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Ald. Sandi Jackson Not Resigning, Not Running For Congress

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Ald. Sandi Jackson (7th) speaks to reporters at City Hall, where she attended her first City Council committee meeting since her husband, Jesse Jackson Jr., resigned from Congress. (Credit: CBS)

Ald. Sandi Jackson (7th) speaks to reporters at City Hall, where she attended her first City Council committee meeting since her husband, Jesse Jackson Jr., resigned from Congress. (Credit: CBS)

Jay Levine Jay Levine
Jay Levine is the chief correspondent for CBS 2 Chicago. He joined...
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CHICAGO (CBS) – Ald. Sandi Jackson (7th) was back at City Hall on Tuesday, making her first public appearance since her husband, Jesse Jackson Jr., resigned from Congress last month. The alderman shot down rumors she’s planning to resign, and also insisted she’s not planning to run for her husband’s empty seat on Capitol Hill.

CBS 2 Chief Correspondent Jay Levine reports Alderman Jackson has had a tough time in recent weeks – with her husband resigning amid allegations of possible misuse of campaign funds and undergoing treatment for bipolar disorder.

With her husband’s defense lawyers negotiating a plea deal with federal prosecutors, there might have been times when she said to friends that maybe she should just quit and do something else.

She said it to Levine in private just a few weeks ago, but that’s not the way she feels today. She denied news reports that she had confided to friends she planned to step down as alderman.

“I’m not resigning. I am here, I am working, I’m going to continue to work, and whoever these people are who purport to speak for me should stop! I’m asking them please to stop,” Jackson said.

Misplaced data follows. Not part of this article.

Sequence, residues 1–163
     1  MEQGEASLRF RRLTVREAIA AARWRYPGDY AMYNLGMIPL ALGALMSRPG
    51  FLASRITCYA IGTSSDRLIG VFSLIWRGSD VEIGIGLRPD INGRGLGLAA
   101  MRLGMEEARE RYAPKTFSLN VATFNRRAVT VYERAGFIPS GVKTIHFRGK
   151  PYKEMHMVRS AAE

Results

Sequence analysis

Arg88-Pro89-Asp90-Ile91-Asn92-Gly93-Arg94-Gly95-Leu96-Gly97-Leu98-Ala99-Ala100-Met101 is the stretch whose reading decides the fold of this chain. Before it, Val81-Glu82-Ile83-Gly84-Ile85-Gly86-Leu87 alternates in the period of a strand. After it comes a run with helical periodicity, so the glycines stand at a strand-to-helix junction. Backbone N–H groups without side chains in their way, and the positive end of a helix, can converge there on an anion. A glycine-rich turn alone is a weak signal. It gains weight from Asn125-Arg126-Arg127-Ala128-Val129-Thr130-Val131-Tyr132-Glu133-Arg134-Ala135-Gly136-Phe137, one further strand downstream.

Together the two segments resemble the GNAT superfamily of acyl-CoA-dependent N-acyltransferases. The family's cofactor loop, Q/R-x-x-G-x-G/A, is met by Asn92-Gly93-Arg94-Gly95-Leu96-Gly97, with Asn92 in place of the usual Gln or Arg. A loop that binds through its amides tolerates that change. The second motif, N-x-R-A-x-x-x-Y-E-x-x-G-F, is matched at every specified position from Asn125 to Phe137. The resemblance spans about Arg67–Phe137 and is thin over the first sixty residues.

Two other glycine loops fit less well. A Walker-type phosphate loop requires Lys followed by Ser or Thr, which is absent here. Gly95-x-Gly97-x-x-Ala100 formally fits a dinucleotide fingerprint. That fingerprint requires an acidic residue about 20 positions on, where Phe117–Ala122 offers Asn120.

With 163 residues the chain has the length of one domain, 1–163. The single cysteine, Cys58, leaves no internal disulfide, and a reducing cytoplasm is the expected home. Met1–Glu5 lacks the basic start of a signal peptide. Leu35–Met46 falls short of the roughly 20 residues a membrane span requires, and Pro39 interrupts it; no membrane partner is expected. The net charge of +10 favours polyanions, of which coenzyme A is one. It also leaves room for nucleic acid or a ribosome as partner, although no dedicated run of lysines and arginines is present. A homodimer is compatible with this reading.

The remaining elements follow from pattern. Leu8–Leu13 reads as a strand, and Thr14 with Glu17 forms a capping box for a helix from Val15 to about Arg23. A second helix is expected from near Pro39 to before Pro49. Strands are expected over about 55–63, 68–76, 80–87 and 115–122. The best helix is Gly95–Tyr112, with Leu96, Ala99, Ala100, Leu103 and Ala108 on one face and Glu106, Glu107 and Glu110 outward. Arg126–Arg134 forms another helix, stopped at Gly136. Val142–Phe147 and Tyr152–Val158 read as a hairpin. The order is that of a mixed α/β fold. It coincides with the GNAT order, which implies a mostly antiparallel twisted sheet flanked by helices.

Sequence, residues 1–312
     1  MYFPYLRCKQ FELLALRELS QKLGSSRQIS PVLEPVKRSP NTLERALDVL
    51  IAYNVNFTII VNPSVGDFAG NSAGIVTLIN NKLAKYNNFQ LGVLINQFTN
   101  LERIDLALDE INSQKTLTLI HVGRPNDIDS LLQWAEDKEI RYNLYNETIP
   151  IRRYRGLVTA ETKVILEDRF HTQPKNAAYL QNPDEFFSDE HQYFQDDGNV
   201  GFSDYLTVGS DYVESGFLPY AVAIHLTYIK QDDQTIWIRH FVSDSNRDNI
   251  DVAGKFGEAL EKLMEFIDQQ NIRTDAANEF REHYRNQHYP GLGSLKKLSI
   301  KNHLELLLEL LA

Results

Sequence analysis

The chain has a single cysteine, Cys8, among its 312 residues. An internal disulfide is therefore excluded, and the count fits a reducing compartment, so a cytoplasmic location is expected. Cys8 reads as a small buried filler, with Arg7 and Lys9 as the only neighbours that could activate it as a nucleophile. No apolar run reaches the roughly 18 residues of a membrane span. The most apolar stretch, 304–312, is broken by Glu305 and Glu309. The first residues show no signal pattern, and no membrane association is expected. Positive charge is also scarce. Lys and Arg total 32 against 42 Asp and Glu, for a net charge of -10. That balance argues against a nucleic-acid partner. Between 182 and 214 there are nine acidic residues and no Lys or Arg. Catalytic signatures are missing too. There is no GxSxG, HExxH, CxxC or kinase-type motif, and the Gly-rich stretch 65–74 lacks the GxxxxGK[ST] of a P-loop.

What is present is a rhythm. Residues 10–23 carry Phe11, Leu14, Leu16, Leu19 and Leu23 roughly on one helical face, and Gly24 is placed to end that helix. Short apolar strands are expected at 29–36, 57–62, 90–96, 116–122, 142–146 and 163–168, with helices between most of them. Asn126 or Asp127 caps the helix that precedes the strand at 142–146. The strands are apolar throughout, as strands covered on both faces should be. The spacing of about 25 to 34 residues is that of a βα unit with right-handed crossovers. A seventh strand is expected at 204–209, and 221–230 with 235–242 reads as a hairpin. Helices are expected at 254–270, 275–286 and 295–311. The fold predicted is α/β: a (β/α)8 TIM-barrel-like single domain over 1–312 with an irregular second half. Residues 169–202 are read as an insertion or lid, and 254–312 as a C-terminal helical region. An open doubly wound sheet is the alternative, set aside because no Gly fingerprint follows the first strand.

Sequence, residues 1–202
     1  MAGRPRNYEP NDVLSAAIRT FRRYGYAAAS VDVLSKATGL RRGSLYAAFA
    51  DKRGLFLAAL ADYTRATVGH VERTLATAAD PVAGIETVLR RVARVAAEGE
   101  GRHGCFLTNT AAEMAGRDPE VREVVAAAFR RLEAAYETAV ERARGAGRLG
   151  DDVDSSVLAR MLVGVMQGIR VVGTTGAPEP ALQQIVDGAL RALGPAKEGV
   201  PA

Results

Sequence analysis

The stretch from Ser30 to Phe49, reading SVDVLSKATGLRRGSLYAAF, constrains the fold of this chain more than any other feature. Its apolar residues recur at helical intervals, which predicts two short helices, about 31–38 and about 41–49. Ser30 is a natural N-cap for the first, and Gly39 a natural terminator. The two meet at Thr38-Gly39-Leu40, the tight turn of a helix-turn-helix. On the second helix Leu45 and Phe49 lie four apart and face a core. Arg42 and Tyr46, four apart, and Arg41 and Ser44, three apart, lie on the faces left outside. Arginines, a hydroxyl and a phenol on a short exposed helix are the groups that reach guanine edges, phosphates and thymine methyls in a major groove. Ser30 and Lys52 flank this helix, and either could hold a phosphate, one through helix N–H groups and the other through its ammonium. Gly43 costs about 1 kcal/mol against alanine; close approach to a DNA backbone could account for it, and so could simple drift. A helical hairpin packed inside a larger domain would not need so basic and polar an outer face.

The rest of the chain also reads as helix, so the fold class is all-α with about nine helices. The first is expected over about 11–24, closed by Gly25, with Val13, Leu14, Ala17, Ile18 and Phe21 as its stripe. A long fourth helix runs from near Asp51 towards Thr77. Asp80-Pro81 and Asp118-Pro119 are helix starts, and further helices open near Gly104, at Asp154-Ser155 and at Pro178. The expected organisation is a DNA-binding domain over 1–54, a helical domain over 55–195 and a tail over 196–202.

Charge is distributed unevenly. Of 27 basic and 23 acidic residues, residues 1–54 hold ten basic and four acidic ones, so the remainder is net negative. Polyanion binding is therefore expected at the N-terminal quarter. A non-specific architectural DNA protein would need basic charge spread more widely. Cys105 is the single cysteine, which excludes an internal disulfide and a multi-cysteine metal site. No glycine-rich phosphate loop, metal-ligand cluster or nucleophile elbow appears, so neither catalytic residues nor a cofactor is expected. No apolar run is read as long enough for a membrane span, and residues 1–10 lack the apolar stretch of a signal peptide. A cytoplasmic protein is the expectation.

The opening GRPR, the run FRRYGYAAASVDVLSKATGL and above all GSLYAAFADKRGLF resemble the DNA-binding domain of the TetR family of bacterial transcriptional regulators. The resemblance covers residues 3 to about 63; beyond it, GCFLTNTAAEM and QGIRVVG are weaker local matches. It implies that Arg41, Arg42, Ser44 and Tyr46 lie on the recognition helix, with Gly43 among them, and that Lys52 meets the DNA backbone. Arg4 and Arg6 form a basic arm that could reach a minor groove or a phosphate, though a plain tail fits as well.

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Jackson said she intends to stay on as alderman.

“I am back to work today, I was at work last week when we had the shooting,” she said. “I’ve been meeting regularly with our [police] commanders to try to figure out we can stem a lot of this gang activity that’s going on.

Just before her first appearance in the City Council Chambers in more than a month – greeted by colleagues and coworkers – she tried to explain why some thought she could have thought she might resign.

“It would be hard for any family to go through what we’ve gone through publicly, and so there may have been times when I was overcome with exhaustion, I was overwhelmed, and felt as if I couldn’t take another step. That’s real, and that’s human,” she said.

But now, she said, things are improving. She’s back at work in Chicago. Her husband, the former congressman, though still facing criminal prosecution, was staying at their home in Washington, D.C., where their two children attend school.

“I feel incredibly encouraged, happy to have Jesse back at home,” he said. “He’s doing so much better and we are seeing him improve every day.”

Also contrary to some speculation, Alderman Jackson said she’ll be on the sidelines as a large field of candidates fights for the right to replace her husband in Congress.

“I am not a candidate for Congress,” she said. “I intend to remain an alderman. I intend to continue to work by the mayor’s side.”

Mayor Rahm Emanuel has been sympathetic toward Jackson and her struggle.

As the official campaign manager for her husband, it stands to reason that her actions are also being scrutinized by federal investigators combing through the campaign spending records.

However, she said the only complaint she’s heard so far was from her husband, for spending too much money on muffins for volunteers.

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